Many thanks to Matt for getting in touch and sharing these photos.

Some of my scratchy old Congo photos can be found here.  And yes, that person below was me as a mere young manster.

OLYMPUS DIGITAL CAMERA

Bokakata, DRC (then Zaire) 1973

The last time I had Congo River fotos here was almost seven years ago!  In that post, I mention being a Peace Corps volunteer in the DRC (then Zaire) back in 1973.  When I completely training and tried to fly up to my post, I learned the airplane was out of commission and the river was my only option to travel up there.   I was thrilled!  And now I’m thrilled again to have these fotos.  These are NOT my fotos but Gregory Farino–who worked there about five years after me–generously permits me to use these.  We don’t know the name of this “pousseur” tug–not unlike some of the Mississippi River “pushers,” but it looks similar to

0aaaaoncong1

what  I recall of my conveyance,  Major Vangu lashed to four huge barges.  I believe Major Vangu has since sunk.  The “O” on the stack stands for Onatra (Office National de Transports).  For four nights and days non-stop, the tow went north.  I shared a cabin on the second level with another PC volunteer.  The enclosed area forward was a bar/restaurant with beautiful carved wood.  The two levels above that were crew accommodations and wheelhouse, which I didn’t see.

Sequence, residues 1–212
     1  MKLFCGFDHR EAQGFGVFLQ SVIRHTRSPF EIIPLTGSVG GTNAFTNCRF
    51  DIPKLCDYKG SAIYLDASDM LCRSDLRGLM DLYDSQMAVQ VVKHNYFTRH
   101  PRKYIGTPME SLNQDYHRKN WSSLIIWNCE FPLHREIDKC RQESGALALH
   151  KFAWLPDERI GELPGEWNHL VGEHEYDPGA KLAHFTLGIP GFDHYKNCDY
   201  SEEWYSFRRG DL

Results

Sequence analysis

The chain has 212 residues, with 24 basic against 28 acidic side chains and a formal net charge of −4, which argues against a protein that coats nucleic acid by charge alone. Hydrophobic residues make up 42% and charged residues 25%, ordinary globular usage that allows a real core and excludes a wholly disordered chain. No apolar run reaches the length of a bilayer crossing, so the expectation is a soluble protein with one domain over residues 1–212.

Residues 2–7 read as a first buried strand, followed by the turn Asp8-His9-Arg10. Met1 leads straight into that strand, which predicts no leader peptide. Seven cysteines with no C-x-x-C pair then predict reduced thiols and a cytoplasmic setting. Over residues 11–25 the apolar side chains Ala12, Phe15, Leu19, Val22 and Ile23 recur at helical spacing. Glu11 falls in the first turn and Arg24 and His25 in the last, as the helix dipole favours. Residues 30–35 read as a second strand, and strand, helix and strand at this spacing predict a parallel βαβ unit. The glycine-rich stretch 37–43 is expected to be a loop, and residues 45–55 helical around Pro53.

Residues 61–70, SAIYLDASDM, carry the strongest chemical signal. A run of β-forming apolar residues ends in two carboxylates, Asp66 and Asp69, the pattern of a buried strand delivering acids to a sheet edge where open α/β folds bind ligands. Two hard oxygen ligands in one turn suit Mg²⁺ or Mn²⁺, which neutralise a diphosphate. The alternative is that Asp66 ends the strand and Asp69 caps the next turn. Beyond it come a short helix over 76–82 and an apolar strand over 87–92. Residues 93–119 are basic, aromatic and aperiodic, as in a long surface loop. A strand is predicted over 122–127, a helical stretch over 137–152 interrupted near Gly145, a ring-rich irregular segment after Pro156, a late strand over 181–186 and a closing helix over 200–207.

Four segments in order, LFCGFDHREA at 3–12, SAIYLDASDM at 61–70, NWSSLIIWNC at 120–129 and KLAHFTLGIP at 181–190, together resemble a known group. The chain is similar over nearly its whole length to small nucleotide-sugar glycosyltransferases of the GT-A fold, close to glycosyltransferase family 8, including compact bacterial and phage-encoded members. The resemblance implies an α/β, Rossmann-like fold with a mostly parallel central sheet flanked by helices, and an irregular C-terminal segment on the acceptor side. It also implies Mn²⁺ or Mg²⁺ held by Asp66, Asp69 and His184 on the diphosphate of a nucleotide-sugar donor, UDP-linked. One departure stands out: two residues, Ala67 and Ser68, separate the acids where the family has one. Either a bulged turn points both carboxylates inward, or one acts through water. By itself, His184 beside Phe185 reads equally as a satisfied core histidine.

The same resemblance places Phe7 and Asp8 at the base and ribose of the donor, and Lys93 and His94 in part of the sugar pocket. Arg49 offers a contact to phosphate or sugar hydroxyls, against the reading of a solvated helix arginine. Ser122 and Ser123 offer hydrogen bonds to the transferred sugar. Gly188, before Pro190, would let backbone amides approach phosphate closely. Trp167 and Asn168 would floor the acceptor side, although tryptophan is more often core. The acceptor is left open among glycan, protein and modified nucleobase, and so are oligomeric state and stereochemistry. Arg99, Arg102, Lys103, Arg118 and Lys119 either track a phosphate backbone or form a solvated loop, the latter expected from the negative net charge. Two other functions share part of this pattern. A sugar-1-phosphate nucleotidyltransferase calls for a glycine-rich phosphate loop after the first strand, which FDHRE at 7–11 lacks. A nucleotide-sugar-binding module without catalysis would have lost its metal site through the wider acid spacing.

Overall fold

0aaaaoncong2

These are two “second class” accommodation barges.  Our tow had one of these.  It also had two “third class” units, regular flat cargo barges with barrels of fuel for upriver towns, breakbulk bundles, and truckloads of fuel and other cargo.  As I recall this was a pre-container time.  And passengers who hadn’t even enough for the  “second class” barges, rested in the shade of the cargo and under the trucks.

0aaaaoncong3

Here is account and good fotos of some folks who did this river ten years after me.  And here’s an Atlantic article I recall reading, a person who did the trip in the early 1990s.

During my trip, I watched dozens of dugouts (pirogues) like these, loaded deep with forest meat and dried/fresh fish, paddled up alongside the tow while underway to  trade for  products (medicine, blades, ammunition, fish hooks and line, salt) not available in the forest/river villages.  And when I say “paddled,” I mean stand-up paddled . . . as it was then done.  More than once, the pirogue, caught in the wake, capsized, sending paddler(s) and cargo into the river.  And the tow continued upriver.

0aaaaoncong4

I’d love to hear from anyone who has traveled on the Congo River in the past 10 years.  I  have a fantasy to retrace this trip, dangers and inconvenience notwithstanding.

Many thanks to Gregory Farino for bringing these fotos out.

Enter your email address to follow this blog and receive notifications of new posts by email.

Join 1,489 other followers

If looking for specific "word" in archives, search here.
Questions, comments, photos? Email Tugster

Graves of Arthur Kill

Click on image below to order your copy of Graves of Arthur Kill, by Gary Kane and Will Van Dorp. 3Fish Productions.

Seth Tane American Painting

Read my Iraq Hostage memoir online.

My Babylonian Captivity

Reflections of an American hostage in Iraq, 20 years later.

Archives

September 2021
M T W T F S S
 12345
6789101112
13141516171819
20212223242526
27282930